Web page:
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Vagueness

INSTITUT JEAN NICOD :
Stephen Schiffer, Professeur au département de philosophie de New York University, et Professeur invité à l’ENS (dans le cadre de la convention entre le Département de philosophie de l’ENS et celui de NYU), donnera une série de conférences à l’ENS sur le thème général « Vagueness » :

Mercredi 19 mars, de 10h à 12h, salle Beckett : The Sorites Paradox and Other Issues of Vagueness

 

Mercredi 26 mars, de 10h à 12h, salle Beckett : Semantic Theories of Vagueness : Epistemicism, Supervaluationism, and Many-Valued Theories

Mercredi 2 avril, de 10h à 12h, salle Beckett : Psychological Theories of Vagueness : Field, Schiffer, Wright

Jeudi 10 avril, de 10h30 à 12h30, salle des Résistants : Vagueness, Concepts, and Properties : a Non-Semantic and Non-Psychological Account of Vagueness

 Vagueness
A correct account of vagueness is essential to the philosophy of language, for until we have one we won’t know the correct semantics and logic for vague language, and, since virtually all of natural language is vague, that means we won’t know the correct semantics and logic for natural language until we have a correct account of vagueness. After laying out the sorites paradox and other issues of vagueness, I critically examine the leading attempts to resolve those issues. Those attempts (including one to which I have contributed) are found wanting, and a new approach to resolving the problems of vagueness is proposed.

Lecture 1 : The Sorites Paradox and Other Issues of Vagueness
The sorites paradox is explained, and we see that to resolve it we’ll need an account of what vagueness is, and of the semantics and logic of vague language. Notice is taken of other prominent issues of vagueness : Is vagueness a feature of language and thought only, or is the world itself vague ? How are vagueness and indeterminacy related ? Can the identity relation be vague ? How are we to understand higher-order vagueness—borderline cases, borderline cases of borderline cases, borderline cases of borderline cases of borderline cases … ? How is vagueness affected by the context of utterance ? What kinds of expressions other than predicates can be vague ?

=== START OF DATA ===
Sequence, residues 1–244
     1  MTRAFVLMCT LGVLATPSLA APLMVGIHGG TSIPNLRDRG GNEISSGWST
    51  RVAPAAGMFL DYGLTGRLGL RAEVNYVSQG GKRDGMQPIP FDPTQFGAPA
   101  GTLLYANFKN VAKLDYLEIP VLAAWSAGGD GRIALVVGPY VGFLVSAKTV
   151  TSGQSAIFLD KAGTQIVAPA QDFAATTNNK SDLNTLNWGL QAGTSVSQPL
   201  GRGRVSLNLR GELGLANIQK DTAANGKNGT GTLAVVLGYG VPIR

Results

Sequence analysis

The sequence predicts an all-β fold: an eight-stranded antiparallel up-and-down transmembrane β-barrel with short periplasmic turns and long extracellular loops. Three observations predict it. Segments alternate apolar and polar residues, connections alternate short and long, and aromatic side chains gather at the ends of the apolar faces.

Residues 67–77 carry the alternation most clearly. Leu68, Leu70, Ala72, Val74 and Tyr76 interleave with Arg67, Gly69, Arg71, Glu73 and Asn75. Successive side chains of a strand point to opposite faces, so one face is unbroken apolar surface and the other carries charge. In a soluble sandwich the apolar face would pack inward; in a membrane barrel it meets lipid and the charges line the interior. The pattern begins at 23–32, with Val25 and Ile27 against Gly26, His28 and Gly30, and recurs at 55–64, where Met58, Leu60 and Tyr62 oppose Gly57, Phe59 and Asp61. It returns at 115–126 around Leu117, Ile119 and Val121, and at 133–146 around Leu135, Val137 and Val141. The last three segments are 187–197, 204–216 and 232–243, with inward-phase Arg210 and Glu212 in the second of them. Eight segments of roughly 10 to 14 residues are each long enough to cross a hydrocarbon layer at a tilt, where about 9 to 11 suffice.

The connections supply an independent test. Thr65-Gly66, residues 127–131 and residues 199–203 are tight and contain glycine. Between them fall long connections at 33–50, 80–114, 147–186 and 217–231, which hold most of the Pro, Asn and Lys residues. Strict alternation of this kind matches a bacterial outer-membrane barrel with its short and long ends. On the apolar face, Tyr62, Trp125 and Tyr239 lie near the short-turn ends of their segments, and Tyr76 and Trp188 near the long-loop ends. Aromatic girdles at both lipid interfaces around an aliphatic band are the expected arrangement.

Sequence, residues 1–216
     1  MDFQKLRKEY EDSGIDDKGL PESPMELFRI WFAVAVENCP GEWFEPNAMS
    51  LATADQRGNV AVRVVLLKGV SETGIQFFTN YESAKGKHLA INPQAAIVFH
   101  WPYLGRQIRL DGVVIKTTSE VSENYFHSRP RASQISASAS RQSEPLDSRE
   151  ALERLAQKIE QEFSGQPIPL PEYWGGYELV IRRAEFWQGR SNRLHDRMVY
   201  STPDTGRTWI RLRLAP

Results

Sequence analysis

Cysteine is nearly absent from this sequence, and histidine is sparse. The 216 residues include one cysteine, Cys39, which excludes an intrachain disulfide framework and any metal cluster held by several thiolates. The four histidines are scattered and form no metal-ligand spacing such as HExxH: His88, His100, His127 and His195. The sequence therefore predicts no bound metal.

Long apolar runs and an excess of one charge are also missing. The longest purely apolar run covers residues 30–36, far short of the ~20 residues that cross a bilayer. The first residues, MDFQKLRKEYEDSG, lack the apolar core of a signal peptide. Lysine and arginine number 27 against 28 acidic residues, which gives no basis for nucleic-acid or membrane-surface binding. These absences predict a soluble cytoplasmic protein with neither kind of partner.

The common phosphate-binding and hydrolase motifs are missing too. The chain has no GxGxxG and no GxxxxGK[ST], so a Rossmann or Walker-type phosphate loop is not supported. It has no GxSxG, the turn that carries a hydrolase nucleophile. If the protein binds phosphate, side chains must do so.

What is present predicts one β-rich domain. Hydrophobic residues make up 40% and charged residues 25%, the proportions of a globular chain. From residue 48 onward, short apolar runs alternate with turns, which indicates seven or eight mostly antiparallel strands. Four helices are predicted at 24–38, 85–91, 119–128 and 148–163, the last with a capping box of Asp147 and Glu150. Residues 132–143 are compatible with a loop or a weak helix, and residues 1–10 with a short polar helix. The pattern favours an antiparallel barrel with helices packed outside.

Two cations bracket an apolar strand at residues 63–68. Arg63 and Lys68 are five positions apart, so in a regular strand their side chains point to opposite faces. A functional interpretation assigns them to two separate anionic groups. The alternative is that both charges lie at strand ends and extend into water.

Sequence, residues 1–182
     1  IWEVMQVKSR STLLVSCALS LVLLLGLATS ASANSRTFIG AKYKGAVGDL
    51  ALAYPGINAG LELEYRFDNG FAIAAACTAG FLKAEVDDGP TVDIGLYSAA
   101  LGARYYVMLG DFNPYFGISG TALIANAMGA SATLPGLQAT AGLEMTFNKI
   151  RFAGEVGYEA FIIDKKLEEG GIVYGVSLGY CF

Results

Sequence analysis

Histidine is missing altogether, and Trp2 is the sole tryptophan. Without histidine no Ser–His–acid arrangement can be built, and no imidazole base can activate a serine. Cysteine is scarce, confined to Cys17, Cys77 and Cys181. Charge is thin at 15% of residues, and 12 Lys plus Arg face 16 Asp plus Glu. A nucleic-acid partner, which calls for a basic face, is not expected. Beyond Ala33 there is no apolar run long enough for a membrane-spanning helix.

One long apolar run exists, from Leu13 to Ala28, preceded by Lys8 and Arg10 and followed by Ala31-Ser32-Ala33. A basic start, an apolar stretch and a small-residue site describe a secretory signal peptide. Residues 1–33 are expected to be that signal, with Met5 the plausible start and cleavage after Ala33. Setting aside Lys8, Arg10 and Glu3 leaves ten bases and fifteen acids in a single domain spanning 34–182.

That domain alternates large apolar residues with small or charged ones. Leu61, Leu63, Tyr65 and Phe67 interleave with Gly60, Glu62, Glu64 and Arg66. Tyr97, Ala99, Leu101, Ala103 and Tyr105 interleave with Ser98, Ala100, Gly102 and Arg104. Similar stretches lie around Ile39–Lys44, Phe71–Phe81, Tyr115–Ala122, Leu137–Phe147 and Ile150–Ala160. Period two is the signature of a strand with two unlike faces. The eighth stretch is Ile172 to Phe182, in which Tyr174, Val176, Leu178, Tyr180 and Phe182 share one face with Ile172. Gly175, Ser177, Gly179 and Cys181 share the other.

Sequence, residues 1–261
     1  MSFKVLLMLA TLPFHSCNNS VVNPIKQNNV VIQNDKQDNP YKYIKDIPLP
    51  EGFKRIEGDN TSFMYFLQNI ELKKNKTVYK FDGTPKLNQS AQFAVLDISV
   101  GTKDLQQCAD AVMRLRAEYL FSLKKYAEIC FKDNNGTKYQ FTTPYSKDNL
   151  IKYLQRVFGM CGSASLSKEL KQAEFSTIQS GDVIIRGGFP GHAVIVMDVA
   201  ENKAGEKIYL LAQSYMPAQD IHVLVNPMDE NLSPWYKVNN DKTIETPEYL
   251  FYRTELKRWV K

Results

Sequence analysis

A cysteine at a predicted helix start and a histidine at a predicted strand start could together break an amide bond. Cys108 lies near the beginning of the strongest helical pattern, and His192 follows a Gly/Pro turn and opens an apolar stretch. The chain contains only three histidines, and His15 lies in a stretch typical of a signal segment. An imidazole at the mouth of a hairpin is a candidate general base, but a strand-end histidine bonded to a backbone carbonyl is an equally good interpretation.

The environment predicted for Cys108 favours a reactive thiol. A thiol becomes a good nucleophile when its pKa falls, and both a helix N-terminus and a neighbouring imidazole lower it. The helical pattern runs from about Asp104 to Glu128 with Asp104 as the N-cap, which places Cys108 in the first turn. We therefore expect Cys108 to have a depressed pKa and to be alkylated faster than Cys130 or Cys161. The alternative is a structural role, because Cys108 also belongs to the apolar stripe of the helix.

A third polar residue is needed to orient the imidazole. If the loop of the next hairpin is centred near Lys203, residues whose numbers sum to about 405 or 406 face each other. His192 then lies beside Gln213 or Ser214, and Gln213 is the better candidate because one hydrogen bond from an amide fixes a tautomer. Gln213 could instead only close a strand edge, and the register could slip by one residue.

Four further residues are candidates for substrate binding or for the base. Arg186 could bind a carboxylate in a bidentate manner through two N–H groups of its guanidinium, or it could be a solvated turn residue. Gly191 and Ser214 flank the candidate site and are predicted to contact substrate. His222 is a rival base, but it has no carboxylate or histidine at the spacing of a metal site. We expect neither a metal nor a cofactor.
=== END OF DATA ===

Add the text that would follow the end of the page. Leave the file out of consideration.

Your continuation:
Lecture 2 : Semantic Theories of Vagueness : Epistemicism, Supervaluationism, and Many-Valued Theories
A semantic theory of vagueness is a theory that entails an account of the kinds of truth-values borderline statements can take. Epistemicism holds that borderline statements are either true or false ; supervaluationism holds that, although truth and falsity are the only truth-values, borderline statements are neither true nor false ; many-valued theories hold that borderline statements take truth-values other than truth or falsity—anywhere from three to as many of them as there are real numbers between 0 and 1. Each semantic theory has problems unique to itself, but one they all share is that they mispredict the psychological state that is characteristic of taking a statement to be borderline.

Lecture 3 : Psychological Theories of Vagueness : Field, Schiffer, Wright
A psychological theory of vagueness is a non-semantic theory that seeks to understand vagueness in terms of the psychological state that is characteristic of taking a proposition to be borderline. The theories of Field, Schiffer, and Wright each offer a different account of the nature of that state, of the way vagueness is to be explained in terms of that state, and of the way their accounts bear on the sorites paradox.

Lecture 4. Vagueness, Concepts, and Properties : a Non-Semantic and Non-Psychological Account of Vagueness
Taking a proposition to be borderline does typically manifest itself in a sui generis kind of mental state, but psychological theories of vagueness are mistaken in thinking that that kind of state is somehow constitutive of a proposition’s being borderline. For one thing, the psychological strategy leaves a puzzle about the nature of that feature of a vague property which makes something a borderline instance of it ; for another thing, it’s arguable that it’s merely a contingent fact about us that we respond as we do in taking a proposition to be borderline. A better strategy focuses not on the response of taking a proposition to be borderline but on (1) those features of our cognitive economy which are causally responsible for that response and (2) the role those features play in individuating the properties expressed by mentalese predicates. I suggest that this strategy, when conjoined with a certain view about the metaphysical nature of properties, yields a response-independent, but also non-semantic, account of that feature of a vague property which determines a thing to be a borderline instance it. This sort of account yields the same response to the sorites as my earlier psychological theory.